In most places, you are within your rights to file a lawsuit against any company that has provided you food that led to food poisoning or other illness from food-borne pathogens. Depending on where in the supply chain the contamination occurred, the grower, supplier, and distributor of the food may all be liable. Here are some things you should know about food poisoning lawsuits.

Human Contamination

The problem may not be with the food itself, but with the actions of employees. It's not unknown for persons suffering from illness to show up for work and handle edible products. They might not even know they carry an infection at the time. It can also come from employees who handle other infected products or equipment and then handle your food. Bacteria can be spread by contact without realizing it. Make note of sanitary conditions when you buy food.


Incidents of contamination should involve PFGE or WGS genetic testing. They can determine the exact pathogens present and even their source. Salmonella, for instance, will have a distinctive DNA signature that can be traced to a specific outbreak. Investigating bodies such insurers, injury attorneys, and civil authorities will be able to contact these testing services and examine the evidence to establish a specific chain of events surrounding these health risks.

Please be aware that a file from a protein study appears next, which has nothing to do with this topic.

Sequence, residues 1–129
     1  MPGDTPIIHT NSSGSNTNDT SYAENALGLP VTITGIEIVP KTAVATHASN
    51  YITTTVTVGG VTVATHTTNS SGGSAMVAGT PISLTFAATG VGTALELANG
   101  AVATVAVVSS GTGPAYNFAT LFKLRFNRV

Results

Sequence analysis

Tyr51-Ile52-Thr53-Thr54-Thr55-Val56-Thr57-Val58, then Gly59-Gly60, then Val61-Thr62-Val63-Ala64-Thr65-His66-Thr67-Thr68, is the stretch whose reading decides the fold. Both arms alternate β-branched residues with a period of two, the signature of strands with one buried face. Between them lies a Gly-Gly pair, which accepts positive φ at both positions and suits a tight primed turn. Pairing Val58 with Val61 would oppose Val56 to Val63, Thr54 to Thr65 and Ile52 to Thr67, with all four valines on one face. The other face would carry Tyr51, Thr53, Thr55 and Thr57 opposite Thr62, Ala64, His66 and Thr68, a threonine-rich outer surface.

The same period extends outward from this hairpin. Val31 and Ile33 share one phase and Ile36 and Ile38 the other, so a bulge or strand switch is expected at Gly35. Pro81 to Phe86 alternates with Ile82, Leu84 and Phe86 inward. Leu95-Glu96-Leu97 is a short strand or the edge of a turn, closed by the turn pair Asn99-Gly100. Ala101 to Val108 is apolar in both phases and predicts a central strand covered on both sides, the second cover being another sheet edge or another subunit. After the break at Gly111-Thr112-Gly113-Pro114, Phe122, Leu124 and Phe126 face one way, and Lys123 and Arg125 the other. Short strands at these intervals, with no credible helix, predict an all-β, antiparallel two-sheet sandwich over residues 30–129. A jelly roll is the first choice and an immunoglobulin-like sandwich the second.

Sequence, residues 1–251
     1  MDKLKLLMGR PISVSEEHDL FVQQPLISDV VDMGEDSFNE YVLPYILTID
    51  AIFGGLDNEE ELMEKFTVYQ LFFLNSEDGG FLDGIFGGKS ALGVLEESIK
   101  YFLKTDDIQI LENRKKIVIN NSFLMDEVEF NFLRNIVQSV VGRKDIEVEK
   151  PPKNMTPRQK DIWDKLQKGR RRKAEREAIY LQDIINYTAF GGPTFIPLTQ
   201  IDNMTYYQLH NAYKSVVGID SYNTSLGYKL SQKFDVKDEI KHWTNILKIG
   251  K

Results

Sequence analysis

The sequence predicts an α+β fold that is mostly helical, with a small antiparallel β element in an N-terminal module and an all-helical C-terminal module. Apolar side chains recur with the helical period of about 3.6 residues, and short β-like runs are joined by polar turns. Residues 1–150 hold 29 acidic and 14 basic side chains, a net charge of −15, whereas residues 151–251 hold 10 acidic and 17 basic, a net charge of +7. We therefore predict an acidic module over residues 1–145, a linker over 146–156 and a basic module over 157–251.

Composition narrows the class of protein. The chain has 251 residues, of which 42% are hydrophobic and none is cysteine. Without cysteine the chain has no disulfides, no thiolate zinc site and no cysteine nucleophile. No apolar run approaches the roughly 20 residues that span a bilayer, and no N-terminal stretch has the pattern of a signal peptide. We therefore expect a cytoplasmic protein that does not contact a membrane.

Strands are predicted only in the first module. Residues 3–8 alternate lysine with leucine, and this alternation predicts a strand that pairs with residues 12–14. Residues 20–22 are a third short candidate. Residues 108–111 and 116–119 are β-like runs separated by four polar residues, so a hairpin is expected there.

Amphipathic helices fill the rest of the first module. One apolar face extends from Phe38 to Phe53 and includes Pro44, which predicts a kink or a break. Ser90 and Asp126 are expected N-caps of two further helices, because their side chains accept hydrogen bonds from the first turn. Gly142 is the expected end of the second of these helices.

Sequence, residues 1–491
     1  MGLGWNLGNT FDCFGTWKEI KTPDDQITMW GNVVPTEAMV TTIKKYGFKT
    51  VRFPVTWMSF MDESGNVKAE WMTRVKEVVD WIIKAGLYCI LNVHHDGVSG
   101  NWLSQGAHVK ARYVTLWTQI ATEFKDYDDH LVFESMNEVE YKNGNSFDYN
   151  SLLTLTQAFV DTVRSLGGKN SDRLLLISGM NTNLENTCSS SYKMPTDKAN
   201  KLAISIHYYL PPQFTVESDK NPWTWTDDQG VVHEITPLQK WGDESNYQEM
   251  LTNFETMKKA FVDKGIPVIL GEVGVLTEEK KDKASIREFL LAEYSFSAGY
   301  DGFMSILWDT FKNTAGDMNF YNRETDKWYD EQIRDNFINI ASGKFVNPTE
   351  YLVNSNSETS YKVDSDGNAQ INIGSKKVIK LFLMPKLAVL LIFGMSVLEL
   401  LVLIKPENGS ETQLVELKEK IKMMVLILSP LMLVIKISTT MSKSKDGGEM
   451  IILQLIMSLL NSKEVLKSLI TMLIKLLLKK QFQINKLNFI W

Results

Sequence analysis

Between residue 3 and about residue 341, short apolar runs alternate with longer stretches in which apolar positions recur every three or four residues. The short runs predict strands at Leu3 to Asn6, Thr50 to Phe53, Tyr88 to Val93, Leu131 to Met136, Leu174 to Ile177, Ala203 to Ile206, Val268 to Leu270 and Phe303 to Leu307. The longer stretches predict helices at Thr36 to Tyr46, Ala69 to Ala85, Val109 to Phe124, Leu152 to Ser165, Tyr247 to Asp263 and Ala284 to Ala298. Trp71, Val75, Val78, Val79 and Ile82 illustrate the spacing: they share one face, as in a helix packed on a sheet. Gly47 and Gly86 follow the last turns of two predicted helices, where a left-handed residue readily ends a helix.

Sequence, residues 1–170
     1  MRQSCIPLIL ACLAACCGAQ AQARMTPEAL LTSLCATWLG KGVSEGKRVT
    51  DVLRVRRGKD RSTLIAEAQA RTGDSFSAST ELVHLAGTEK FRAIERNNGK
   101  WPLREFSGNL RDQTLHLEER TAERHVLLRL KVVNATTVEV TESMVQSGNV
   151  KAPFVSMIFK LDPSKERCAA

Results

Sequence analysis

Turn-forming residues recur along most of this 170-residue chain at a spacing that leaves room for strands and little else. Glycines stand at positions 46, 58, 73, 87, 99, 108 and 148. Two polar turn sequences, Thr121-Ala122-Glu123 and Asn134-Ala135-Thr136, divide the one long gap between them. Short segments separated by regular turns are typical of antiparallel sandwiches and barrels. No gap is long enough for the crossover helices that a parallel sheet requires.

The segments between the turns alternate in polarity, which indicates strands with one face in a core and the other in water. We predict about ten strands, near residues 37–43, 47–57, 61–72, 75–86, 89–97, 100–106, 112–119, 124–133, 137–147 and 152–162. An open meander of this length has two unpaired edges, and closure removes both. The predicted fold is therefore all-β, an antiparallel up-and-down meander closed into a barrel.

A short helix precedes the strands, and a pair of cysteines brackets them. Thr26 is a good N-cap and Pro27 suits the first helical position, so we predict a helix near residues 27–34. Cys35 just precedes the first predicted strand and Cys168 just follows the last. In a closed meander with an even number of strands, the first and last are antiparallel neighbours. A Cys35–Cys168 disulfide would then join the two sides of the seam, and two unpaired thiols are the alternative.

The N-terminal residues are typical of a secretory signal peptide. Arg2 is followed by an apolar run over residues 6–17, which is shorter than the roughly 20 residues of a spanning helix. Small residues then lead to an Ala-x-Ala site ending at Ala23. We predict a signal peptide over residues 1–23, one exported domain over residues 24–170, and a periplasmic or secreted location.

Grocery Foods

If you bought something at a grocery store, be sure to save a sample if it made you seriously ill. Also save the packaging and the receipt, if possible. Even if genetic testing is not done, a chain of circumstances can also lead to discovery of the at-fault food provider. For instance, if several instances of food poisoning can be traced to a single store's shipment of cucumbers, those can be tested for E. coli or other pathogens to determine the extent of the health risks and the party at fault.


If you can establish that a vendor or supplier was negligent, and this negligence caused your illness, you have grounds for a lawsuit. Investigation may reveal that the premises were unsanitary, infested by mice or other pests, or the company failed to observe regulations for proper storage or shipping. If such factors were involved, you can file a suit like any other personal injury case seeking compensation for medical bills, lost wages, or even punitive damages such as pain and suffering.

With food poisoning, negligence and exact causes can be difficult to determine compared to other types of accident. But if you've become seriously ill through someone else's apathy or carelessness, you have every right to seek damages.

Author's Bio: 

Dixie Somers is a freelance writer and blogger for business, home, and family niches. Dixie lives in Phoenix, Arizona, and is the proud mother of three beautiful girls and wife to a wonderful husband.